INDIANAPOLIS (AP) — Residents whose Indianapolis homes were battered by a
gas explosion and relatives of a couple who were killed packed a court
hearing Monday for the three suspects charged with rigging the blast.
The crowd watched in grim silence as a Marion County judge entered not
guilty pleas for Monserrate Shirley, her boyfriend Mark Leonard, and his
brother, Bob Leonard. They are charged with murder, arson and other counts
in the Nov. 10 blast.
The three, who appeared in court in orange jail jumpsuits and handcuffs,
were ordered held without bond. Prosecutors say Shirley and the Leonard
brothers deliberately blew up her home so they could collect the insurance
The fiery blast destroyed five homes, including Shirley’s, and damaged
dozens of others in the Richmond Hill subdivision in the far south side of
the city. The explosion killed Shirley’s next-door neighbors, John Dion
Longworth, a 34-year-old electronics expert, and his 36-year-old wife,
second-grade teacher Jennifer Longworth. Shirley and Mark Leonard told
investigators they were at a southern Indiana casino at the time of the
John Dion Longworth’s aunt, Pam Mosser, a psychiatric nurse who attended the
hearing on the back of a 16-hour shift, said it is important for people to
know how her family suffered while the suspects apparently gave no thought
for their neighbors’ lives.
“Dion and Jennifer died suffering and screaming. It is unbelievable to me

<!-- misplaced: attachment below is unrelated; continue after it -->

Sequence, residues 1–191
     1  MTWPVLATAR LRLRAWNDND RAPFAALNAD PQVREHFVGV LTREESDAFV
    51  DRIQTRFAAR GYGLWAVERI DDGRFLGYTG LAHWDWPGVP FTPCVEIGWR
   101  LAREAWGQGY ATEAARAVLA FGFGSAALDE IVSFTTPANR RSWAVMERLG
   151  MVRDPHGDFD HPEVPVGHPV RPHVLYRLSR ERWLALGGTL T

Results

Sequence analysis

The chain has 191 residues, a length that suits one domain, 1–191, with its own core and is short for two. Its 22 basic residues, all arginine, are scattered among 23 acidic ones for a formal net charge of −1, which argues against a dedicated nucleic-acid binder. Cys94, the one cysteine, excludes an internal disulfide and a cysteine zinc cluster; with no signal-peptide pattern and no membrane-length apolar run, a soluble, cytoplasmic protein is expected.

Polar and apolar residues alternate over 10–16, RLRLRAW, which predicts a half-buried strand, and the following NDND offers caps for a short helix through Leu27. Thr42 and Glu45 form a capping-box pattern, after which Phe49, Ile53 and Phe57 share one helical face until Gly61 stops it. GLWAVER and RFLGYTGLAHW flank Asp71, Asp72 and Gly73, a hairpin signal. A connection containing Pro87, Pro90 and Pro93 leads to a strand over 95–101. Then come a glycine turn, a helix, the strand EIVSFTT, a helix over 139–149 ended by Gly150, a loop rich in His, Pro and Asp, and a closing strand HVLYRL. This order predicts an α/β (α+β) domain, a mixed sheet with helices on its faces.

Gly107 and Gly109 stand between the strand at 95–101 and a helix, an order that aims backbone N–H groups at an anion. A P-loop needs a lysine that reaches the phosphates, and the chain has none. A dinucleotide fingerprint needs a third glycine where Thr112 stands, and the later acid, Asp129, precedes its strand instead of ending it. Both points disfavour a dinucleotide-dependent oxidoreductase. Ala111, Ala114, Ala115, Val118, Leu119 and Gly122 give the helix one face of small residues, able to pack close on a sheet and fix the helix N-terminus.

that someone could be gambling and drinking while their house blows up and
people are dying,” Mosser told reporters after the hearing.
“I cannot forgive that,” she said.
Shirley, 47, was facing mounting financial woes, including $63,000 in credit
card debt and bankruptcy proceedings, court documents say. And a friend of
Mark Leonard’s told investigators that Leonard said he had lost about
$10,000 at a casino some three weeks before the explosion. The home’s
original loan was for $116,000 and a second mortgage was taken out on the
home for $65,000, the affidavit says.
Mark Leonard told the judge he couldn’t pay for an attorney because all his
cash was inside Shirley’s house when it blew up, leaving him with about $500
in a checking account.
“All my money, all of it, it’s gone,” he said. “I had money in the house and
it’s not there anymore.”
The judge appointed public defenders for the Leonards. Those attorneys did
not return phone calls seeking comment.
Randall Cable, Shirley’s attorney, declined comment when reached by phone
after the hearing.
Shirley and the Leonard brothers face two counts of murder as well as 33
counts of arson — one count for each of the homes damaged so badly that
officials have ordered their demolition.
Shirley and Mark Leonard, 43, also face two counts of conspiracy to commit
arson, while Bob Leonard, 54, faces a single count. The conspiracy charges
stem from a failed explosion that prosecutors claim the trio had attempted
the weekend before the successful timed blast.
Prosecutor Terry Curry has said he will consider seeking the death penalty.
A trial for all three suspects was scheduled for March 4.
“I think they should die a horrible death,” Mosser said. “And it’s terrible
to have these feelings.”
Investigators believe the suspects removed a gas fireplace valve and a gas
line regulator in Shirley’s house that subsequently filled up with gas. They
have said a microwave, apparently set to start on a timer, sparked the
Reporters were positioned in the jury box so that the small courtroom could
accommodate the 30 or so members of the public who squeezed in to observe
the initial hearing.
Richmond Hills resident Barry Chipman said neighbors remained fearful of
loud noises more than a month after the blast. He said he was driving with
his teenage daughter recently when he popped the gum he was chewing and it
“made her jump.”
A few minutes later, he said, she did the same, startling him.
“Everybody’s still jumpy,” he said.